It’s been a while since I’ve written anything here on a regular basis, but I wouldn’t want you to think that I’ve not been cooking in the interim. Perhaps not cooking as much as I’d like, but certainly cooking and even occasionally being adventurous. This month has largely involved cooking from my garden and the gardens of various friends.
We’ll start with my own garden adventures. In the Spring of this year, I finally got round to starting my own, long wished-for, container herb garden. I started with a basic selection of herbs to see what worked and what didn’t. And more importantly, what I cooked with and what I didn’t. Apple-mint, thyme, rosemary, parsley, purple sage and lavender. I was warned about the prolific nature of mint, so kept it in its own container within my larger herb container, but honestly it was the parsley that nearly took over the world. I have eaten a lot of parsley this year, I had no choice, it was that or watch helplessly as it colonised the entire container. I’ve used it as a substitute for coriander, I’ve used as a garnish on all sorts of things, I’ve cooked it in soups and omelettes. Never has my food been so well seasoned as it was this summer.
Having only narrowly avoided drowning under the parsley, I didn’t have a great deal of a rosemary crop, but having gone to such effort to save it, I felt the urge to do something special with what I did salvage. So I decided to make herb infused oil. Over the last month or so, a jar of oil has been gently infusing on a sunny window-sill, its burden of rosemary and thyme getting an occasional shake on the passing. Some of it has even been bottled into a pretty little gift bottle. So I guess I better start cooking with my own share, in its rather more prosaiccontainer: a former jar of mayonnaise.
More recently I’ve acquired a Bay Tree, which, as the Autumn as turned, has reminded me that there are other ways to preserve herbs for the winter. As beautiful as my purple sage is to look at, I’ve hardly cooked with it. So I’m attempting to dry some in two different ways to see which works best. One set are being tied up in a cool dark place to air-dry and the other are going in the bottom of the oven on as low a setting as I can get it. We’ll see which works best.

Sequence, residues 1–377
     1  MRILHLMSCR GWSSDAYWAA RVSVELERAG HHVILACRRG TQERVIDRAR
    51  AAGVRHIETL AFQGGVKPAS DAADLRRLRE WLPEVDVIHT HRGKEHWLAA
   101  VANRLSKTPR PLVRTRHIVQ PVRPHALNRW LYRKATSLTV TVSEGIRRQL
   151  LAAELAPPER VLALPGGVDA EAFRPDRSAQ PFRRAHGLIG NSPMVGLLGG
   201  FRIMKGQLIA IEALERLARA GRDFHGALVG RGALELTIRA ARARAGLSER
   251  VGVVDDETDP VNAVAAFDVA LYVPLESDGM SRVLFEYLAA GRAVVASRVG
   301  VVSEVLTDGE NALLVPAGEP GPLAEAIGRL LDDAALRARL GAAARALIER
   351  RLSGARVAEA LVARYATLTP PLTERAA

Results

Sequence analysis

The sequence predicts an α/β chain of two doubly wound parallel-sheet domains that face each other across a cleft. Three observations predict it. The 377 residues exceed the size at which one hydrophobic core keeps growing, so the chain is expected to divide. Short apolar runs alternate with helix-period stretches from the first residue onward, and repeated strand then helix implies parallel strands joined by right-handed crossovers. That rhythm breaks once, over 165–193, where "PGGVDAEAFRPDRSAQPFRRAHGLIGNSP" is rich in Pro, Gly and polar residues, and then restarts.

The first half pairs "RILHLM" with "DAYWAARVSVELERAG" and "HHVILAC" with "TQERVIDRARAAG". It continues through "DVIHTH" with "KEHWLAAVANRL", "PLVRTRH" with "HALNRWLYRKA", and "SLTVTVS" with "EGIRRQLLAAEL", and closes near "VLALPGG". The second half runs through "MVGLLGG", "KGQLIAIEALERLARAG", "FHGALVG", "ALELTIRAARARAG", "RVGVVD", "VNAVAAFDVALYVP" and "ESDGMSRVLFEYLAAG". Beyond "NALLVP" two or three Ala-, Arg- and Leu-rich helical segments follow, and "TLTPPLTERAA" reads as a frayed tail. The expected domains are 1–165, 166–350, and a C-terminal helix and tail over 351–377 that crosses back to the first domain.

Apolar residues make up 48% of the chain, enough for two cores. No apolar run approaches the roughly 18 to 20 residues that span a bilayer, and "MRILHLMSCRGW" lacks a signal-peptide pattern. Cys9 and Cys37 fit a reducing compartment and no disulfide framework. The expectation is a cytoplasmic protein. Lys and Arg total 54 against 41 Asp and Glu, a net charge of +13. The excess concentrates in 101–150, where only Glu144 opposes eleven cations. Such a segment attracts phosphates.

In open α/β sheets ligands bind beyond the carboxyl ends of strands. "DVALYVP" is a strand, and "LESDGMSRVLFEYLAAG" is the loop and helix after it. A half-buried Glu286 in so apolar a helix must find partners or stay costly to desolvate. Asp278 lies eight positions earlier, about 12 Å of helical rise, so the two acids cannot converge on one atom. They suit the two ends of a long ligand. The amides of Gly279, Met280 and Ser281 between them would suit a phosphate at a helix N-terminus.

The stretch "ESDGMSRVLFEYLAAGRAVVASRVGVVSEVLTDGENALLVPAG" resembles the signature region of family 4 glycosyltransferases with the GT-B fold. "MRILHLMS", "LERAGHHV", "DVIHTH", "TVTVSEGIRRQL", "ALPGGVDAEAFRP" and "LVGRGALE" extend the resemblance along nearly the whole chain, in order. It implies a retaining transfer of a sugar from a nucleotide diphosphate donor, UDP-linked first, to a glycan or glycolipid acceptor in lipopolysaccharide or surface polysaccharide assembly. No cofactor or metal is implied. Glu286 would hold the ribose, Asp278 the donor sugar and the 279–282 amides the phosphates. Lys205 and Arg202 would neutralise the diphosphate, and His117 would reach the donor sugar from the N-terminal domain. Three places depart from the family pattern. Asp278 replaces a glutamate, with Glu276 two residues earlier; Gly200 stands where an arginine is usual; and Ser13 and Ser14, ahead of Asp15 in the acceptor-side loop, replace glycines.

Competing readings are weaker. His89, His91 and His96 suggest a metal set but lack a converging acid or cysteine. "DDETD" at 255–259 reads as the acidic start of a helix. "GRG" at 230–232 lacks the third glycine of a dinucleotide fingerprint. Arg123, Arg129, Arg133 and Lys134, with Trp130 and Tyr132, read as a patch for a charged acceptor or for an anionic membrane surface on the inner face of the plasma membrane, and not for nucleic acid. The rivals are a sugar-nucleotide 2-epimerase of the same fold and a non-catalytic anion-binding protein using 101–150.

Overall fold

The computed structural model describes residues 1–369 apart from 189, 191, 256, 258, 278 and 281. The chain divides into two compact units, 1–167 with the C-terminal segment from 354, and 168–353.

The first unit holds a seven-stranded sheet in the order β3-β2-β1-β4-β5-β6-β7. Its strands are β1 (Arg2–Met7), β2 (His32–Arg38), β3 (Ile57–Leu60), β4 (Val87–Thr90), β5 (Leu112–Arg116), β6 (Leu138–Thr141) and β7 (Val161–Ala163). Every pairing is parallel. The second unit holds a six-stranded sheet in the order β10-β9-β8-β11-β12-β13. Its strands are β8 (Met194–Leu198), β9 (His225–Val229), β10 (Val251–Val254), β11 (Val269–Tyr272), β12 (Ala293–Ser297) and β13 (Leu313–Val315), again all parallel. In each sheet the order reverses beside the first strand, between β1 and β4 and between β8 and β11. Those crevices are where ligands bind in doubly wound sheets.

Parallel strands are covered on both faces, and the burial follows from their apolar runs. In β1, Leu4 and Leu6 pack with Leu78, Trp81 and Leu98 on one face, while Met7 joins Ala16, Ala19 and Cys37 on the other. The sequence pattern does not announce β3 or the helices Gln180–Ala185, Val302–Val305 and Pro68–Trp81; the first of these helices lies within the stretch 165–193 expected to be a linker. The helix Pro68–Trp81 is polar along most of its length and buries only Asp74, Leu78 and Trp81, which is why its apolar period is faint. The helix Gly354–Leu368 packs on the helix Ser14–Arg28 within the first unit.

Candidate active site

This Autumn has seen the most extraordinary glut of apples. Almost everyone I know with an Apple Tree (and a few more I didn’t even know had one) has been pressing bags of apples onto everyone they know this year. I ended up with unexpectedly red cooking apples – the owner of the tree claims that every other year they’ve been green – that ended up becoming parsnip and apple soup, and several mini apple pies. I also ended up with nearly 3kg of proper tiny crab apples. (I could have had more if I wanted. They’re owner just got sick of picking them she had so many.) The only thing to really do with them was make jelly, so I ended up buying a jelly bag and getting the pure and ridiculous joy of straining them overnight, like a small scale version of my mother’s jelly-making shenanigans from my childhood.
It took me…a while…to get the jelly to set, but I did finally manage it, so I now have a ridiculous hodge-podge of sizes and shapes of jars of apple jelly. The real mystery of which, now that the excitement and novelty of finally achieving jelly has faded a little, is emerging. Why, if the apples were yellow, the juice that I extracted post straining was yellow and the sugar was white, is my jelly, a bright vibrant red?